Anonymous
Anonymous asked in Business & FinanceCredit · 11 months ago

Is there a key difference between defaulting on student loans and defaulting on other types of debts?

Look at it this way:

If I don't send in my mortgage payments, then the lender can foreclose on my house.

If I don't make my car payments, the lender can repossess my car.

If I don't pay my credit card bills, then my credit card company can cancel my cards and turn it over to collections.

But can the student loan company repossess my education or cancel my degree?

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  • Anonymous
    11 months ago

    If you are smart enough to get a degree you are smart enough to either get a scholarship or get a grant or other sources and default on your loan with no repercussions

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    • 11 months agoReport

      Who said anything about "permission"? You think you are gonna get treated fairly in business? You think you won't get ripped off being honest and hard working? I defaulted on $48k - never gave a flying f*ck about it and never been unemployed since I was 14 years old. Don't be a loser.

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  • 11 months ago

    Federally insured student loans cannot be eliminated by bankruptcy. The feds can take any tax refund you earn to pay on your loan.

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  • 11 months ago

    Idk im 15 but i use lumerit because this mukbanger told me to and she told me financial advisors make you pay for more classes so you'll stay longer and get the college more tuition but maybe you should vote for bernie sanders or something

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  • Anonymous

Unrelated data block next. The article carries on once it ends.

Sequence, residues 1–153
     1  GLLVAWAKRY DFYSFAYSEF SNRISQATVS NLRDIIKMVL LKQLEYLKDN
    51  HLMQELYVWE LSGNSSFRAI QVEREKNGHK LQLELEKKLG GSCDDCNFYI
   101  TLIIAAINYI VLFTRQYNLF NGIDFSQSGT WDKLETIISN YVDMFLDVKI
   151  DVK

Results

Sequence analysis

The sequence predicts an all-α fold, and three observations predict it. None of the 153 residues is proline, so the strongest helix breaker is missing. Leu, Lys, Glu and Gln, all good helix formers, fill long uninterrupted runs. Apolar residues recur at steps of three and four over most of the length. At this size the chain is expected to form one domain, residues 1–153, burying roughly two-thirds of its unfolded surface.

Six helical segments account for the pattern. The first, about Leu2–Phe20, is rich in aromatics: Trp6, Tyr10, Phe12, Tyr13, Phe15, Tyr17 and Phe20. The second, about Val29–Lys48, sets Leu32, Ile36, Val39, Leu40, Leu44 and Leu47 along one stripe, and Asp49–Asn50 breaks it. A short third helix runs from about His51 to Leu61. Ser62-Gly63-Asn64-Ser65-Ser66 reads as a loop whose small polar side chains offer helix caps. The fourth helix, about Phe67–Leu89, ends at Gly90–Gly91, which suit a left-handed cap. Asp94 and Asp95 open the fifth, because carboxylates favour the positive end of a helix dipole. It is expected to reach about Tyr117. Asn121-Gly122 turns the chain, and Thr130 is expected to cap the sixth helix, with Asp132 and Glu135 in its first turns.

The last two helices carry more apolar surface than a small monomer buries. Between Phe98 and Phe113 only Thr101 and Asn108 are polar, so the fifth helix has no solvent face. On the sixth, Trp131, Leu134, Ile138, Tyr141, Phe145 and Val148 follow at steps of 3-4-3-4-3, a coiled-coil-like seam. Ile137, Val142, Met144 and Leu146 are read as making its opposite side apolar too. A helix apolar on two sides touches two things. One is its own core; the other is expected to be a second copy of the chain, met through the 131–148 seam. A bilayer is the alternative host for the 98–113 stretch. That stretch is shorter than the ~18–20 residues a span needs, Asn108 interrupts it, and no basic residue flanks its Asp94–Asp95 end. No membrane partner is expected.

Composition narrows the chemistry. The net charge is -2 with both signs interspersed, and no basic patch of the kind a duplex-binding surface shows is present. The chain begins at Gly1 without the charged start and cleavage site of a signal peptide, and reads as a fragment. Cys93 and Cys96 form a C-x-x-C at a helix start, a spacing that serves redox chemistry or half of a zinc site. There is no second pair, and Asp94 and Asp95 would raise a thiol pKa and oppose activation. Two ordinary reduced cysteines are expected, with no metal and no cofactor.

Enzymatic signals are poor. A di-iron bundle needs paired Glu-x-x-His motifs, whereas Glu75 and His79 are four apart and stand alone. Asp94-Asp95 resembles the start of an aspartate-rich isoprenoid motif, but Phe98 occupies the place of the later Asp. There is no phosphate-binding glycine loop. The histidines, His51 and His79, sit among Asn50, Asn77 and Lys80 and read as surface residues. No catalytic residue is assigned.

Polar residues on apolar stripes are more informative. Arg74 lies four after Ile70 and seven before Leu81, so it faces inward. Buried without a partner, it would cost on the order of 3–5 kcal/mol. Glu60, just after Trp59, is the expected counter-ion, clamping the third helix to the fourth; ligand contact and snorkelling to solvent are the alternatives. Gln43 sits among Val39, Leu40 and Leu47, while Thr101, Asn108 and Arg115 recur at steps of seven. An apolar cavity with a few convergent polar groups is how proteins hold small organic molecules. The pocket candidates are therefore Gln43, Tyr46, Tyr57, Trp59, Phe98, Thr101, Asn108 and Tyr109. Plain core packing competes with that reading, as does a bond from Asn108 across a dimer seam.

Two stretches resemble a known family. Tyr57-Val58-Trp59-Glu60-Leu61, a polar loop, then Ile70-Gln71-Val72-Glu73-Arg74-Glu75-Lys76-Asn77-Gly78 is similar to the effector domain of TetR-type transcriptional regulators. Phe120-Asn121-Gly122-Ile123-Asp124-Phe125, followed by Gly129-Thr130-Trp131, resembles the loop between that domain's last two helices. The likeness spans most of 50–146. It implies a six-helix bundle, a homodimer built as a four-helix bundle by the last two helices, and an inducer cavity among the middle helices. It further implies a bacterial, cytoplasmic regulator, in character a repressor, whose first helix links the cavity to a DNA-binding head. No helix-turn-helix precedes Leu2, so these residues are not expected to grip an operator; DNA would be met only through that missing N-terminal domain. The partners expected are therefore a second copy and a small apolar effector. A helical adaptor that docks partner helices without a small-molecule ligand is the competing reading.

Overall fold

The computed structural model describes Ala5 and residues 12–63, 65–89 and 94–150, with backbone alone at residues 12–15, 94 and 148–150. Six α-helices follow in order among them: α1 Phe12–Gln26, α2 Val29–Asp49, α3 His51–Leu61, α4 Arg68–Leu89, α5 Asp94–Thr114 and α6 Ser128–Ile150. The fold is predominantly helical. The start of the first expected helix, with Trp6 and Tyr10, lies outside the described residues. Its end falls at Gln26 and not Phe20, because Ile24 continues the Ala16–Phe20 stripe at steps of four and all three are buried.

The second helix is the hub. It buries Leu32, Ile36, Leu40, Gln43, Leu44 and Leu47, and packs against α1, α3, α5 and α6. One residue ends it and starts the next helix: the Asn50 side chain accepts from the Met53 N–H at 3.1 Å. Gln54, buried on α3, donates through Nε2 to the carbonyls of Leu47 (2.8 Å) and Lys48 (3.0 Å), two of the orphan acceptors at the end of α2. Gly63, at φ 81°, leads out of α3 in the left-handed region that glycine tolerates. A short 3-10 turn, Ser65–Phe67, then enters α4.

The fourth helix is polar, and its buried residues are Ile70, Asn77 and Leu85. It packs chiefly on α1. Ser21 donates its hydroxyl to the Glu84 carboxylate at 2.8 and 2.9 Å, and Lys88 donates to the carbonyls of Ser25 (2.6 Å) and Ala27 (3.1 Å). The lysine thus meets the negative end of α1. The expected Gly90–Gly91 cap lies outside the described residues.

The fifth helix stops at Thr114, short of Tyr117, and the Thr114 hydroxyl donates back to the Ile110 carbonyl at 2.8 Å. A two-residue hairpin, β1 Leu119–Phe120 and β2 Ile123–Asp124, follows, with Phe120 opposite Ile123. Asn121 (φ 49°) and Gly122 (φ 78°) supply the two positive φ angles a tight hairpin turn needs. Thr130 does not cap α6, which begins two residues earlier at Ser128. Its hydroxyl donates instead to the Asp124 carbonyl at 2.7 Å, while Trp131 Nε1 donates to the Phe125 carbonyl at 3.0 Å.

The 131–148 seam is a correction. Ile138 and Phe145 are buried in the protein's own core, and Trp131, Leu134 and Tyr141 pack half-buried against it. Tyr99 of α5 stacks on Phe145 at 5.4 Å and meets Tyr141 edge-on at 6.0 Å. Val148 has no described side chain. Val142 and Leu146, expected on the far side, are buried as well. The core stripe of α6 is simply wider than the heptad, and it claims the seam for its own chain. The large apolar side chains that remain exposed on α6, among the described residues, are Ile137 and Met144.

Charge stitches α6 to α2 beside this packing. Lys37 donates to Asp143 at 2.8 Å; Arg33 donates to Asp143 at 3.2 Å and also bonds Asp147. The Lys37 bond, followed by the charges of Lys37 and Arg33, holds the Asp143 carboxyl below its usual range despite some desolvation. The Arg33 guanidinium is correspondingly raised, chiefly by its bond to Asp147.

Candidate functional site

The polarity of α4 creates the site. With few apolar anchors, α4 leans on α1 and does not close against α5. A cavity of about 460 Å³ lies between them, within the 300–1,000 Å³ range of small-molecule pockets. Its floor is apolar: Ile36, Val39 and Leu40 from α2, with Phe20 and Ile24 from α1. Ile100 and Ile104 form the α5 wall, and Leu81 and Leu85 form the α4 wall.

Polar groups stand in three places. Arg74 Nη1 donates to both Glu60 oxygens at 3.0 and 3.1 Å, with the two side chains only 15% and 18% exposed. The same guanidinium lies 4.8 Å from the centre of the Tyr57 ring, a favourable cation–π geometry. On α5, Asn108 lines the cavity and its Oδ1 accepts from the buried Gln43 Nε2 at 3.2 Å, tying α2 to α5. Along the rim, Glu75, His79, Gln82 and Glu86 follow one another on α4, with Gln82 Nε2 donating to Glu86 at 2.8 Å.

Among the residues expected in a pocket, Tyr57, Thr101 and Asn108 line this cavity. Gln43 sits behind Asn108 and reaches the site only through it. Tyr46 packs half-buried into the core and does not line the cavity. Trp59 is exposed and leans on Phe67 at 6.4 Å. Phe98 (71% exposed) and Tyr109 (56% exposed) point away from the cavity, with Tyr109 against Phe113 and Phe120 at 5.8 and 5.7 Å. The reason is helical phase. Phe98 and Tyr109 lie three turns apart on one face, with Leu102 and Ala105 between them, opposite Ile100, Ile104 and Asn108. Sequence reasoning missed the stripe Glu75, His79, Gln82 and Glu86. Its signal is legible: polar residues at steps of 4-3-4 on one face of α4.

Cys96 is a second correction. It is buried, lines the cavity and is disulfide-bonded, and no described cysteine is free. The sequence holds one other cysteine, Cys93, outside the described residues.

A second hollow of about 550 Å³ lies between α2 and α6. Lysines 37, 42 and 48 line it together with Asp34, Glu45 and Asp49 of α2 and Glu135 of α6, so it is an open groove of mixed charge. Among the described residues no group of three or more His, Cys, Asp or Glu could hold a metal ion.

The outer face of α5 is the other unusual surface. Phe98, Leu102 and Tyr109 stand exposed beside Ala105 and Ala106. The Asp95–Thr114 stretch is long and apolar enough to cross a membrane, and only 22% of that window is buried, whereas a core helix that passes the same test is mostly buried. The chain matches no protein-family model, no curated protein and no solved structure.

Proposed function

11 months ago

    You're right that the loan provider cannot reposes your degree, but they can do things that will prevent you from getting loans in the future. Having bad credit can also prevent you from getting hired in a number of occupations, too.

    Furthermore, if you should file for bankruptcy, student loans are exempt from being forgiven. So even if you default by way of bankruptcy, you still owe the student loan.

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  • Anonymous
    11 months ago

    ................................

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  • Eva
    Lv 7
    11 months ago

    They can't repossess but they can garnish your tax refunds.

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  • 11 months ago

    Litigation

    One of the most severe consequences of student loan default is the possibility of a lawsuit.

    Federal student loan lenders, including the U.S. Department of Education, rarely sue defaulted student loan borrowers because the government has so many powerful collection tools at their disposal that don’t require a court appearance.

    However, it’s quite common for private student loan lenders to sue borrowers in state court because obtaining a judgment is often the only way they can go after a borrower's property or income. What a student loan lender can do depends largely on state law.

    Wage Garnishment

    If the student loan default isn’t ultimately resolved, the borrower may eventually be subject to wage garnishment for federal student loans. Federal lenders and the government can garnish wages “administratively.” This means that they don’t need to go through the court system or secure a judgment in order to take a portion of a borrower's wages. All they have to do is find your place of employment and give you notice that they are going to garnish, along with the opportunity to contest that proposed garnishment.